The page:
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Vanquish film review – a dreadful John Wick knock off

James City A.M.'s film editor and a regular on both TV and radio discussing the latest movie releases
There are certain stars that draw a reaction when they become involved in a project. Oscar winner Morgan Freeman is one of those names, with the Shawshank Redemption and Bruce Almighty star’s gravitas lending something to any film he appears in. Sadly, all the prestige in the world can’t save his latest action-thriller, Vanquish.

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Ruby Rose stars as Victoria, a single mother who has put her criminal past behind her with the help of a kindly former police chief named Damon (Freeman). However, Damon reveals to her that he has become wealthy thanks to a side-line in criminal activity, linked to police corruption. He needs her to turn to her old skills to make a series of five stops, picking up money from various criminal strongholds. When she refuses, he holds her daughter hostage, promising to release her when the job is done. During one hectic night, Victoria must face enemies old and new, as well as find out a way to break away from Damon’s control.

  must face enemies old and new, as well as find out a way to break away from Damon’s control.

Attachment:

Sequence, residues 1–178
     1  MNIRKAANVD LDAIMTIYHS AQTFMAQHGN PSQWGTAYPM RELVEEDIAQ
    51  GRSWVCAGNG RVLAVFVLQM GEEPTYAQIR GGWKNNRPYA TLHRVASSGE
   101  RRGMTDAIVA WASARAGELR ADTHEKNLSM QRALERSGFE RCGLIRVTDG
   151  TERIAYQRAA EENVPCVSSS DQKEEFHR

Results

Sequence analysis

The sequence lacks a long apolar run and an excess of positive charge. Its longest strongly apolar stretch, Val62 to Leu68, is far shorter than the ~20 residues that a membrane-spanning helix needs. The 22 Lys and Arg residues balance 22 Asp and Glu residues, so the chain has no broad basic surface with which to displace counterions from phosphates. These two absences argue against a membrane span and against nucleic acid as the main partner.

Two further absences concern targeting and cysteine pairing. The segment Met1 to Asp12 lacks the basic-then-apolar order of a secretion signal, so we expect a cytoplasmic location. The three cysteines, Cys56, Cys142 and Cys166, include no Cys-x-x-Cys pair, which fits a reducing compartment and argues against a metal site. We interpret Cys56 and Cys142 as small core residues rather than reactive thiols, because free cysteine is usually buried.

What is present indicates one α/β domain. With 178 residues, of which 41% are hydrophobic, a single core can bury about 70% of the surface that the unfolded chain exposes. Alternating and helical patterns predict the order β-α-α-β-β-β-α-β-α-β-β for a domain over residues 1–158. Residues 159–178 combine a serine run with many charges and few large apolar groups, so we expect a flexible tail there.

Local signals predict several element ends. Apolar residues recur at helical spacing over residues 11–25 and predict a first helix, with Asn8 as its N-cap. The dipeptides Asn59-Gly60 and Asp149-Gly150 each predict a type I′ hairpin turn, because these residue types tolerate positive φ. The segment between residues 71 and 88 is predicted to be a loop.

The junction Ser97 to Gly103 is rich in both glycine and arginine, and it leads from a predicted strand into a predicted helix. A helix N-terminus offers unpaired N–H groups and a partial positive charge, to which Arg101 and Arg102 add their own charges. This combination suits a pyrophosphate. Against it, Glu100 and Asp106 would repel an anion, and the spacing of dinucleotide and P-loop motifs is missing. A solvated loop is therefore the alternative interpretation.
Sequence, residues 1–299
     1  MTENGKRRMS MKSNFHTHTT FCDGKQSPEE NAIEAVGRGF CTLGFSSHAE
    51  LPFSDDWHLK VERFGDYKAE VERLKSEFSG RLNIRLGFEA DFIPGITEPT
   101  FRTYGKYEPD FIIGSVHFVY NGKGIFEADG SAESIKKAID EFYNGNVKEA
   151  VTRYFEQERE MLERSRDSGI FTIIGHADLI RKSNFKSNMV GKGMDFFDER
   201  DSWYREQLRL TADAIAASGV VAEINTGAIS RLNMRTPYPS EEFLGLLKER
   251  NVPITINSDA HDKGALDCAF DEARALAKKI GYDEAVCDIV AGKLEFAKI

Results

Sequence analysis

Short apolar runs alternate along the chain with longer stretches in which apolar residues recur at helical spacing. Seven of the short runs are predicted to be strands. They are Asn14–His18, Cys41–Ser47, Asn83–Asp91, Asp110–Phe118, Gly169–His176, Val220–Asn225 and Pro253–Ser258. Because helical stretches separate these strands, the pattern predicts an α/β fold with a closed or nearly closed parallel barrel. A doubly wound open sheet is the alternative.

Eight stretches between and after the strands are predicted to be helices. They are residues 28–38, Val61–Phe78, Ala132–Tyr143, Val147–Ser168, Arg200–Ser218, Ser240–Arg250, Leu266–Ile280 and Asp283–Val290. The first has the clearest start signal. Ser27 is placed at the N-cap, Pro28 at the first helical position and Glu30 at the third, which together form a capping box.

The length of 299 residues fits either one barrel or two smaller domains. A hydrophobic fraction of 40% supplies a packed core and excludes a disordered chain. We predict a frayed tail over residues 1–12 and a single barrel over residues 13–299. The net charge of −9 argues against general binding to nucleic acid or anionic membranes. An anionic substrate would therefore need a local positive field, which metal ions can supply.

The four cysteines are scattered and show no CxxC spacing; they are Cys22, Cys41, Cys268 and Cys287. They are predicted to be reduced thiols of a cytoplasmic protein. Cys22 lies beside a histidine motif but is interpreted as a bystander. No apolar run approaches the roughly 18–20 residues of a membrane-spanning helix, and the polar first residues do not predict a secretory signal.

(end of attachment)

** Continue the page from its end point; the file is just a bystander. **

Veteran filmmaker George Gallo must have worn out his copy of John Wick looking for inspiration for Vanquish. Even then, the Midnight Run screenwriter can’t find the formula to emulate that movie’s thrills. A threadbare plot throws us into a lifeless series of oddly lit locations, horrendous dialogue, and non-existent characters. We’re only barely aware of why Victoria is on this night of carnage, much less what the significance of her ‘stops’ is other than setting up one protracted fight scene after another. 

It seems to willingly dive into the worst action-thriller tropes: greasy haired cooked cops, gruff European gangsters, and a horrid portrayal of a gay drug dealer that plays to those with the lowest homophobic tendencies. It would be offensive were it not so poorly executed, and viewers may be forgiven for wondering what on Earth is going on right up until the lacklustre finale, when we wished we hadn’t asked. 

Rose is a solid action star who has kicked ass in films like XXX: Return of Xander Cage, The Meg, and opposite Keanu Reeves in John Wick Chapter 2. There’s a toughness that suggests she can stack the bodies high, but she struggles to bring anything to a character that’s non-existent on the page. Equally, Freeman calls the shots from a remote location, and is more involved than most A-listers who come into an independent production for a paycheque. However, even the gravitas of God himself can’t make up for a story that doesn’t develop, and a role that isn’t interesting. 

Vanquish’s weaknesses are exemplified in the title sequence, a seven-minute montage of images thrown at you, that don’t convey anything other than the vaguest details. A cynical exercise in using star power to sell a lifeless movie.

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